Revealed: how the UAE is going contactless

Senior banking exec says popularity is being driven primarily by the increased penetration of contactless cards and usage of digital wallets
Revealed: how the UAE is going contactless
Visa Contactless
By Sam Bridge
Fri 15 Feb 2019 01:48 AM

Contactless payments made up a quarter of all UAE transactions during 2018, driven primarily by the increased penetration of contactless cards and usage of digital wallets, a senior banking executive has revealed.

Pankaj Kundra, SVP, head of payments at Dubai-based Mashreq Bank, said contactless payments will gain more traction this year.

He added that he is "very optimistic" about sustained growth in payments volume in the UAE, with continued e-commerce growth, cash-to-card conversion in segments like B2B payments, education, government, real estate and sustained increase in international spends driving the growth.

The growth of e-commerce marketplaces, such as Souq and Noon, is encouraging increased confidence in buying online, which in turn is driving this growth, Kundra noted.

He added that the UAE continues to maintain its position as one of the most popular tourist destinations in the world, with a quarter of card spending in the UAE made by international travelers.

In 2018, visitors from Saudi Arabia accounted for 20 percent of overall international spending followed by China, the US, the UK, Kuwait, Russia and India.

“While some sceptics may look at 2018 as a slow year in terms of UAE retail card spending, actual data collated by Mashreq bank’s merchant acquiring business shows otherwise," he said.

The Mashreq data showed that consumer card spends experienced a 6 percent growth in 2018 compared to 2017. The biggest winner was e-commerce, which saw spending increase by 48 percent.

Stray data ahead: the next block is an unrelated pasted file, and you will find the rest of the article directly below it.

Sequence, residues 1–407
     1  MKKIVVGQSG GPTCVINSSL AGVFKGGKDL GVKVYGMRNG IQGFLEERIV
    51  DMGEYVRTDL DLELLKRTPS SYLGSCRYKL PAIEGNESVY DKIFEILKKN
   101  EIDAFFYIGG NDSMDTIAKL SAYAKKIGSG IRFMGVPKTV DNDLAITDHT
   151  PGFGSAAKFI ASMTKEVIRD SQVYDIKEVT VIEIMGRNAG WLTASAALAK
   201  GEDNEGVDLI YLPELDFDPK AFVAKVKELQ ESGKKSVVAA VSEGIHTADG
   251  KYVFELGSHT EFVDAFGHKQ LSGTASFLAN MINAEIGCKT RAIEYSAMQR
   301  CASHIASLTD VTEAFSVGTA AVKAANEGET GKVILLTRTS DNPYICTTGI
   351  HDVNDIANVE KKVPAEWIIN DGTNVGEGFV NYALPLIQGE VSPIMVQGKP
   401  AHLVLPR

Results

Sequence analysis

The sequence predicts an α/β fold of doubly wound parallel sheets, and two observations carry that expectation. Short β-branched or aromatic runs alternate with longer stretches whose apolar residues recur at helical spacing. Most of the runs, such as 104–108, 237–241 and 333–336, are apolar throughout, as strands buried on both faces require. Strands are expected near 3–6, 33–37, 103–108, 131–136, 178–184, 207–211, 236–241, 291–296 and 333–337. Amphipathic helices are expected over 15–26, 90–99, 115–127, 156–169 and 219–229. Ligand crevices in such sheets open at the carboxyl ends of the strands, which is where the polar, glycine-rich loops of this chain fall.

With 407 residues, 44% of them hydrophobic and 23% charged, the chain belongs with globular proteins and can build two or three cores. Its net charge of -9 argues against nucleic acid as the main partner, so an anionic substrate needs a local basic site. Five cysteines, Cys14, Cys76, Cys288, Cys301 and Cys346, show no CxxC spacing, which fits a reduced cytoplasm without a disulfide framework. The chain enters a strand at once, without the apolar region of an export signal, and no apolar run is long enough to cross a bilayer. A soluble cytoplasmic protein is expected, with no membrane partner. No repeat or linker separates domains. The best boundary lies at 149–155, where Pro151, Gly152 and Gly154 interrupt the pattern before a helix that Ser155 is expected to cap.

In terms of sector wise performance, growth was driven by food and beverage, which increased by 20 percent, followed by a 16 percent growth in supermarket spends. Hospitality continued growing with a modest increase of 2 percent.

Kundra said the push towards digitization of payments has led to strong growth in real estate and government services, which grew by 34 percent and 12 percent respectively. The retail segment comprising clothing, shoes and bags showed a growth of 3 percent, while specialty perfumers revealed a decline of 6 percent.

Healthcare spending of hospitals, clinics and pharmacies was relatively flat, with a growth of just 1 percent over the last 12 months. Sectors that remained unchanged included jewelry and insurance services, the data added.

Sectors facing negative growth included electronics and automobiles, which fell by 15 percent and 9 percent, respectively.

These sectors typically have a very high price per transaction, which indicates that customers have shied away from large ticket purchases, Kundra said.

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